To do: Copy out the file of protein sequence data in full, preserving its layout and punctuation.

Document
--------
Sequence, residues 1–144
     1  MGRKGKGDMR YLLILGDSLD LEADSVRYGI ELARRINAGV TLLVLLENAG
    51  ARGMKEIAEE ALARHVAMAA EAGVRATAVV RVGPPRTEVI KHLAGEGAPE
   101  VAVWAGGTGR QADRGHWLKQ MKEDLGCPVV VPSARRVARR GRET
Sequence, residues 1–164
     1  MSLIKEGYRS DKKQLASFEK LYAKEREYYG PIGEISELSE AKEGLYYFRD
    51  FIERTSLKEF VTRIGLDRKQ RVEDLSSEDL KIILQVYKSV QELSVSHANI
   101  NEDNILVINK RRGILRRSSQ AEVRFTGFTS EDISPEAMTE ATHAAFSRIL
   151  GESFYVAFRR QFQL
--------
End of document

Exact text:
Sequence, residues 1–144
     1  MGRKGKGDMR YLLILGDSLD LEADSVRYGI ELARRINAGV TLLVLLENAG
    51  ARGMKEIAEE ALARHVAMAA EAGVRATAVV RVGPPRTEVI KHLAGEGAPE
   101  VAVWAGGTGR QADRGHWLKQ MKEDLGCPVV VPSARRVARR GRET
Sequence, residues 1–164
     1  MSLIKEGYRS DKKQLASFEK LYAKEREYYG PIGEISELSE AKEGLYYFRD
    51  FIERTSLKEF VTRIGLDRKQ RVEDLSSEDL KIILQVYKSV QELSVSHANI
   101  NEDNILVINK RRGILRRSSQ AEVRFTGFTS EDISPEAMTE ATHAAFSRIL
   151  GESFYVAFRR QFQL